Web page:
ISSUED: 4-86
Bonnie L. Appleton; Deborah B. Hill

Adequate water can be a limiting factor in any plant's growth. While it is impractical to design all Christmas tree plantings so that the trees can receive supplemental irrigation, the possibilities for providing water should be considered. With two major droughts occurring in the past decade and threats of global warming looming on the horizon, the benefits of an irrigation system may outweigh the costs.
Christmas trees can be watered in three basic ways:
water wagon, tank or truck
movable overhead irrigation equipment
trickle or drip irrigation

Each of these methods has advantages and disadvantages that should be considered.

Use of a water wagon, tank or truck may require purchasing equipment or a lease or rental agreement. You will need labor to drive the equipment and to do the watering. Leasing or renting equipment can be advantageous because no investment is necessary in years with adequate rainfall. Spot watering is also advantageous in that water is only applied where and as it is needed.
If you already own movable overhead irrigation equipment, watering Christmas trees can be an additional way to utilize the equipment. With movable equipment, you do need labor to move the system from field to field. Overhead irrigation wastes great quantities of water through evaporation, and since trees and vegetative cover are watered non-selectively, you may need to mow the ground cover more frequently. If you do not already have the equipment, this method is not recommended.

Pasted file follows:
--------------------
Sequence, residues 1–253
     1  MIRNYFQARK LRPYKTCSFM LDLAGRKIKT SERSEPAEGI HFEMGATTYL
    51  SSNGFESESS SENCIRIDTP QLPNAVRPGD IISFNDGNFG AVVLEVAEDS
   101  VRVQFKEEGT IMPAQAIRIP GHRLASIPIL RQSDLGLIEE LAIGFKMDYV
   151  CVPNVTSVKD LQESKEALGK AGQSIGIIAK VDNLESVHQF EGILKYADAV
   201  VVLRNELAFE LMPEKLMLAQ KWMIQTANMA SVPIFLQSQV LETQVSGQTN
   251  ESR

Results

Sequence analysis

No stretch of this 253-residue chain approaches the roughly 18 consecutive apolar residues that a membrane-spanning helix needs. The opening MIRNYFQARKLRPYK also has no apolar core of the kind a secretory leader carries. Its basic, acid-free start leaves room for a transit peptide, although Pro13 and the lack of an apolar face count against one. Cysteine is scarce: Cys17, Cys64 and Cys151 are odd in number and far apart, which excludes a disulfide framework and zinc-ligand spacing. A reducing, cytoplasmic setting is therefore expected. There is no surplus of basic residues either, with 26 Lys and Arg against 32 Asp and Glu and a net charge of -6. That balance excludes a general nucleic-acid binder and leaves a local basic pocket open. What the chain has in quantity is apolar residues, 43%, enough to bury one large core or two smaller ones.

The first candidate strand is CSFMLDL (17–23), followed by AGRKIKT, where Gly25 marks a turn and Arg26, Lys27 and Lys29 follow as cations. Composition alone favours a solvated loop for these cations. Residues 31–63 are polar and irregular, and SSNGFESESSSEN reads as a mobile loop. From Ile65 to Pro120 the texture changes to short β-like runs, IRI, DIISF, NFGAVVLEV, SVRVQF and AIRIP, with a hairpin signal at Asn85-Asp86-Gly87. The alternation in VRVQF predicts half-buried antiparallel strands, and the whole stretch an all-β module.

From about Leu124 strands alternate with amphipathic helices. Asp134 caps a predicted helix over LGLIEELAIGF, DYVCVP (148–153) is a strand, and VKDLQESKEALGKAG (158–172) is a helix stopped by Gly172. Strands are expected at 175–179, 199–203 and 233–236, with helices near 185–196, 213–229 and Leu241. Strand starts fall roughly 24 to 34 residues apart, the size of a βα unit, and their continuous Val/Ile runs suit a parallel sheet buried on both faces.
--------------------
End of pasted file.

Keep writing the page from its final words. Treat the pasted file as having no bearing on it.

Trickle or drip irrigation requires considerable financial investment initially in lines, filters, meters, emitters and such, but the system can be made portable so that it can be moved from year to year. Because it is easily automated, labor is needed more to install the system than to operate it. Trickle irrigation also can be a way to apply fertilizer, but water quality must be maintained at a high level of clarity or the emitters will clog.
When you decide whether irrigation is desirable or practical, consider your water source. City water may be readily available but may be expensive. Pond, well or river water may be available with no direct cost, but the delivery system may require a higher quality or larger quantities than can be consistently supplied. Distance from the water source to the trees is also an important consideration for both efficiency and cost.
Water will be most critical when the trees are young or when trees of any age are under drought conditions. Your ability to irrigate may accelerate growth, may prevent a decrease in growth rate during dry seasons, or may outright save trees. While it will be an additional expense, it may readily pay for itself in growth rate, tree quality and tree survival.

Drip Irrigation Layout
(Figure 1)
(Figure 2)
(Figure 3)